Postscript: Since this essay was last edited in January 2014, evidences of public dissatisfaction and anger in both parties have emerged in terms of the 2016 Primary election campaign. This may be be a precursor to real reform.



Experts agree that the founders of the United States represented a flowering of political talent and statesmanship that forged a new government system designed to anticipate human fallibilities affecting democracies. Historians have suggested that the writing of the Constitution was aided by the fact that while American colonists inherited Enlightenment ideas from Great Britain, they were largely self-governing and free from the deep corruption that characterized politics in the mother country (until the middle of the 19th Century).

The first six presidents maintained George Washington’s policies of basing appointments of federal employees on competence. President Andrew Jackson broke with this tradition. His administration (1829-1837) introduced the “spoils system” that led to turnover in government appointments in subsequent administrations.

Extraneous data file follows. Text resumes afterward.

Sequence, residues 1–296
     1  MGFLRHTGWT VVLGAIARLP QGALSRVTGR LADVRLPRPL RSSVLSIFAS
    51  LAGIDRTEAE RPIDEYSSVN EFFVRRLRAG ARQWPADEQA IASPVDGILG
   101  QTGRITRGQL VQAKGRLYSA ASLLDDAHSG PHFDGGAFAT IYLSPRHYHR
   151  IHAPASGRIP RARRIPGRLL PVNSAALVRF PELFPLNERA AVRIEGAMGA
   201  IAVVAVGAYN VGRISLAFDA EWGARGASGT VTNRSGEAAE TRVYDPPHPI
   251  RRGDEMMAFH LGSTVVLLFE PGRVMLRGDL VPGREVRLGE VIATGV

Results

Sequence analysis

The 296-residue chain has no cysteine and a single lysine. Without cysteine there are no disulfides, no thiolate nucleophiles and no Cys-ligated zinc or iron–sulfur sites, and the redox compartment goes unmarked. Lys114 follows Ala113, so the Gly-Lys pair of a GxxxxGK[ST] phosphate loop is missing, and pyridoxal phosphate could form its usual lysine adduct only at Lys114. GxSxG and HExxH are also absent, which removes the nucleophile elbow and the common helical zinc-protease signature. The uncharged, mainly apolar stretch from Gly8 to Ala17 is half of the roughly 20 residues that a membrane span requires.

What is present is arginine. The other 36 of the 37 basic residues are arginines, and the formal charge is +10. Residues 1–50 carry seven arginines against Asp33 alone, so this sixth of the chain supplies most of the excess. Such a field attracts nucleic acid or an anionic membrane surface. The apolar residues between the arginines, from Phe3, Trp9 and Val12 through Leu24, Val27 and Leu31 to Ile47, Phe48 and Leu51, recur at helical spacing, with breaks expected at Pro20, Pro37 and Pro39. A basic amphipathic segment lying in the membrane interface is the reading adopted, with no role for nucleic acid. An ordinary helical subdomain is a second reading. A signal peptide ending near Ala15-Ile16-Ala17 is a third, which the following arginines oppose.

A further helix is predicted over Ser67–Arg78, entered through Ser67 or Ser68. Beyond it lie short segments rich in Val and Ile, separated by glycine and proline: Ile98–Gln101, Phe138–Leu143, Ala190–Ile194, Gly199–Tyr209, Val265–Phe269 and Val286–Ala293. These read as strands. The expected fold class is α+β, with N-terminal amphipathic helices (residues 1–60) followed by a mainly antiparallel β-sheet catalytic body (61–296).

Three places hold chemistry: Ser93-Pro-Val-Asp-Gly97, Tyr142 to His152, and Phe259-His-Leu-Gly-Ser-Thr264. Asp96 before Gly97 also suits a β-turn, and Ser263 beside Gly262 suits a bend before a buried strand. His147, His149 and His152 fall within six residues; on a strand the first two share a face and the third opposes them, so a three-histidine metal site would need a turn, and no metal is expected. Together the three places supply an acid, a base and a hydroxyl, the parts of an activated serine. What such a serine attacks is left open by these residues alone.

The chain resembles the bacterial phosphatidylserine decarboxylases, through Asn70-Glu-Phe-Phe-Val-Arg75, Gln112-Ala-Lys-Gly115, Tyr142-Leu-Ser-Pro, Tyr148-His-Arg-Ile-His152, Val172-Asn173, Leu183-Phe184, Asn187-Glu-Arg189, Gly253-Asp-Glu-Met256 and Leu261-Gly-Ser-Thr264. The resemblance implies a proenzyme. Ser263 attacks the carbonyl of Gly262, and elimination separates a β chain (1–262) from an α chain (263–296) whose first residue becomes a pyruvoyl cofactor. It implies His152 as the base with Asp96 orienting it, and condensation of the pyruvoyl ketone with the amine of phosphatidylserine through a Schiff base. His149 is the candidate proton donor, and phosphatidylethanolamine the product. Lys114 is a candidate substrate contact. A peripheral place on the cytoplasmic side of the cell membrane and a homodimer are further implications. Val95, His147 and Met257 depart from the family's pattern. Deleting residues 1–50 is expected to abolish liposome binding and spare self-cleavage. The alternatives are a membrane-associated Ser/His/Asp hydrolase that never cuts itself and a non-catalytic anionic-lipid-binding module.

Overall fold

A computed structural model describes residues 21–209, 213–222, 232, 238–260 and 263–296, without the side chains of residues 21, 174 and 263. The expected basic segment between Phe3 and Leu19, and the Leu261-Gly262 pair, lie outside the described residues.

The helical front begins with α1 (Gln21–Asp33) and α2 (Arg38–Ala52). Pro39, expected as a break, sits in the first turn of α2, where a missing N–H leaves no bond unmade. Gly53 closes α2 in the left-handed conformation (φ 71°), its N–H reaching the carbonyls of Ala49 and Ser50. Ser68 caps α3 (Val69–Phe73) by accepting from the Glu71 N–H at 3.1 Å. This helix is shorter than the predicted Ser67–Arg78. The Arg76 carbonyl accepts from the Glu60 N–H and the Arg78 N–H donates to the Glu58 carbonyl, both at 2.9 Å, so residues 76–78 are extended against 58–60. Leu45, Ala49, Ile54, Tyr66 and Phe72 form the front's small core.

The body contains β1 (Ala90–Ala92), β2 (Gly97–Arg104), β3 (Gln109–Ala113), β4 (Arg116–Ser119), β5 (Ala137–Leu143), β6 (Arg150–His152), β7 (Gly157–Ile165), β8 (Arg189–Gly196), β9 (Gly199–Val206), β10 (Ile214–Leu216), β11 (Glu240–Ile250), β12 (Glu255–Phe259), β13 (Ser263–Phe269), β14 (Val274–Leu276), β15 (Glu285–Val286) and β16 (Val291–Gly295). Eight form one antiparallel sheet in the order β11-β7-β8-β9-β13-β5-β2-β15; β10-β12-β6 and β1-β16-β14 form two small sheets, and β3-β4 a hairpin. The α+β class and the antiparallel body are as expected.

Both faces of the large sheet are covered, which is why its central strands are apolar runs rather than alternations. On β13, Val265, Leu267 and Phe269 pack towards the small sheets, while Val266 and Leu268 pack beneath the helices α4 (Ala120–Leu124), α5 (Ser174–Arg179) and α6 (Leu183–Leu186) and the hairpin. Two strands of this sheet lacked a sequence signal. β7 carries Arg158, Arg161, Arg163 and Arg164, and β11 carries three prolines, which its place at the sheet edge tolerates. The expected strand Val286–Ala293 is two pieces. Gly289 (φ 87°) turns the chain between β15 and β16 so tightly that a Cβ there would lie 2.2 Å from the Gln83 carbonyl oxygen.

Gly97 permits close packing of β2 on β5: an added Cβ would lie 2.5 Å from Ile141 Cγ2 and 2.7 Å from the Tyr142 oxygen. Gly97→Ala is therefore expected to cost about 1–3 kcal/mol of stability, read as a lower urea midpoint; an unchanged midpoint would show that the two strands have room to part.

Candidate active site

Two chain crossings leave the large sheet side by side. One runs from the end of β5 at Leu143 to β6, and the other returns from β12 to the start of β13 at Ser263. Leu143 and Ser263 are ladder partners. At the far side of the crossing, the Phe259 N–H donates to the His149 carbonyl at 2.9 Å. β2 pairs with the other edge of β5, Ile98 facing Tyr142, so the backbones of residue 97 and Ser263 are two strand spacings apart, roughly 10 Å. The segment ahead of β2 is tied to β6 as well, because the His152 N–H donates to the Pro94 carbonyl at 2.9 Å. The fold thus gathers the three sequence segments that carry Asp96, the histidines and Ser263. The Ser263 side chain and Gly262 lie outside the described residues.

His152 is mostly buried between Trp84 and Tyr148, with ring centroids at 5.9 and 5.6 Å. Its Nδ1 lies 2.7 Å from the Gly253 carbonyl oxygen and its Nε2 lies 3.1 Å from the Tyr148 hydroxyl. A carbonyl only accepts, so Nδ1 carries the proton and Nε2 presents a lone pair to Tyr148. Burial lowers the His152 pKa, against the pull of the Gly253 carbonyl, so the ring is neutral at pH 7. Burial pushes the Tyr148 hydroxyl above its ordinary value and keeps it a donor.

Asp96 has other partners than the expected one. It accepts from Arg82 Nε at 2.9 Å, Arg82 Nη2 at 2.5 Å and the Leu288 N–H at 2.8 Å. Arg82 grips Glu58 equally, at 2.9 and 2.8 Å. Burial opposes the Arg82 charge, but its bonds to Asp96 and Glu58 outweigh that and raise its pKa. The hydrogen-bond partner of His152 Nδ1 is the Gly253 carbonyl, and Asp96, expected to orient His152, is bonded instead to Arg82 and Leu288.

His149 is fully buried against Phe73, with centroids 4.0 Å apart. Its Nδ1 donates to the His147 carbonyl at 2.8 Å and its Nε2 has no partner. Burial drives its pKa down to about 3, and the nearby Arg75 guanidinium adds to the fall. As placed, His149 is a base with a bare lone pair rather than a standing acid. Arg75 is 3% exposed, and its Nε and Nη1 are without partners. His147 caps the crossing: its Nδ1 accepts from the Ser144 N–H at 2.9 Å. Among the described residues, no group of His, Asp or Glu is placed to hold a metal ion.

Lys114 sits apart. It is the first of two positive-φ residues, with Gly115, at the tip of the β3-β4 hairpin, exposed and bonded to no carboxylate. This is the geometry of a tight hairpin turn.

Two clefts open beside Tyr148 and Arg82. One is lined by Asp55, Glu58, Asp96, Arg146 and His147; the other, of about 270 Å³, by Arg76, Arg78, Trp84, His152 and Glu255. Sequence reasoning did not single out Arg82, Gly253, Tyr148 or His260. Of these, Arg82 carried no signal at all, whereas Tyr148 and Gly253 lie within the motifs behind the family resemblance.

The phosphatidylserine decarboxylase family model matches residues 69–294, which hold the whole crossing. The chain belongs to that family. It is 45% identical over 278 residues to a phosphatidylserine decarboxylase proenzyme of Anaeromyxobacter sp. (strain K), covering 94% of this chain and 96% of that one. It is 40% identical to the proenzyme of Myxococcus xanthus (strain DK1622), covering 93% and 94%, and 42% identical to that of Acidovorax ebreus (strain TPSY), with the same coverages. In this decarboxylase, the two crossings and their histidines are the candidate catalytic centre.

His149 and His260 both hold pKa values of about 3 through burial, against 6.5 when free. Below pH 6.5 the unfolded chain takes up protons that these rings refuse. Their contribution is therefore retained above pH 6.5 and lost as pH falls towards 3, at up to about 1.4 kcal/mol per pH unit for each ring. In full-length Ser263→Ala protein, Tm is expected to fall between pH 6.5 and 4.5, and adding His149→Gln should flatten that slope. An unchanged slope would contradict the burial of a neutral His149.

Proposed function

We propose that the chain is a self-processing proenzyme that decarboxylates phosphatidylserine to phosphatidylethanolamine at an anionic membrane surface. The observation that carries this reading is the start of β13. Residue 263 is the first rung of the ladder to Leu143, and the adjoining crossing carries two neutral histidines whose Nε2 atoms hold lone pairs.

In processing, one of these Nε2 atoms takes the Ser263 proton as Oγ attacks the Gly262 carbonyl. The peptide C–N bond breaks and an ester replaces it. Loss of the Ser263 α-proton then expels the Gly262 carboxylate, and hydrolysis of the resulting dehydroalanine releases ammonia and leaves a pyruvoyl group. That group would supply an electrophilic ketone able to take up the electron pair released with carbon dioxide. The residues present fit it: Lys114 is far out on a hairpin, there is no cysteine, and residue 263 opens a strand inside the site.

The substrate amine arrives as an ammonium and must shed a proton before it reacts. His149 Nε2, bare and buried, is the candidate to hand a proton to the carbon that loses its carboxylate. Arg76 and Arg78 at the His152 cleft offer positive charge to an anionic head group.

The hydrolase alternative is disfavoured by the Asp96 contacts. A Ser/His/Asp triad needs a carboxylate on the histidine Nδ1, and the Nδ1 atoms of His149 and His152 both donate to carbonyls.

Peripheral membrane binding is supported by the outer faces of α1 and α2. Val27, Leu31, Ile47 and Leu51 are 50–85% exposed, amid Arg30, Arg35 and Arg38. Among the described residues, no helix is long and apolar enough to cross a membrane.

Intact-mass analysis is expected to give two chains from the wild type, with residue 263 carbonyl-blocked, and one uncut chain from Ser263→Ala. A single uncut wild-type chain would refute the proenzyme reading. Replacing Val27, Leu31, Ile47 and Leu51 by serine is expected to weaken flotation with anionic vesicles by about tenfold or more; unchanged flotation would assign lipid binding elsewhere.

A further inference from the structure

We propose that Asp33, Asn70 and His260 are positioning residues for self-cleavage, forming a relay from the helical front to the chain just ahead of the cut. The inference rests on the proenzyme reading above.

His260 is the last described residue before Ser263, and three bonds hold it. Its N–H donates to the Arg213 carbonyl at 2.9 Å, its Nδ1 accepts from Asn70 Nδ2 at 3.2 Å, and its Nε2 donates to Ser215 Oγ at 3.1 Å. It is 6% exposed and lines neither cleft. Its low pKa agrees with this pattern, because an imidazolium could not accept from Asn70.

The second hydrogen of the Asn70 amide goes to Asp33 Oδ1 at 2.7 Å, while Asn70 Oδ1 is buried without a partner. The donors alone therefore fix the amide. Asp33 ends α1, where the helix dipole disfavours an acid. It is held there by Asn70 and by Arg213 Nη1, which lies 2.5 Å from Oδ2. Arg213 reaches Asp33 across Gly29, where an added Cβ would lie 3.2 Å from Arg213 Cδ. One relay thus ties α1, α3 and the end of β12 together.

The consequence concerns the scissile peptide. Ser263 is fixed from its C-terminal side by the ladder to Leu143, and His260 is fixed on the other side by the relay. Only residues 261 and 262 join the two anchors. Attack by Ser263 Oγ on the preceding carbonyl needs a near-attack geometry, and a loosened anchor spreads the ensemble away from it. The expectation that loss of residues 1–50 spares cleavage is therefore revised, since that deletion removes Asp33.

Public and private corruption peaked in the administration of Ulysses S. Grant (1869-1877). It marked the beginning of a “Gilded Age” of unprecedented veniality after the Civil War. An example is the Salary Grab Act of 1872. It doubled President Grant’s salary to today’s equivalent of $900,000/year, and awarded each Congressman a one-time bonus equivalent to $90,000 in today’s dollars. Public outrage forced its repeal and helped support the rise of reform candidates in the subsequent presidential election. President Rutherford B. Hayes (1877-1881) committed himself to a single term in order to focus on reform of the federal government. Subsequent reforms culminated in the administration of Theodore Roosevelt (1901-1909). They brought about a system of efficient government operation with independent federal agencies that operated largely free of arbitrary interference.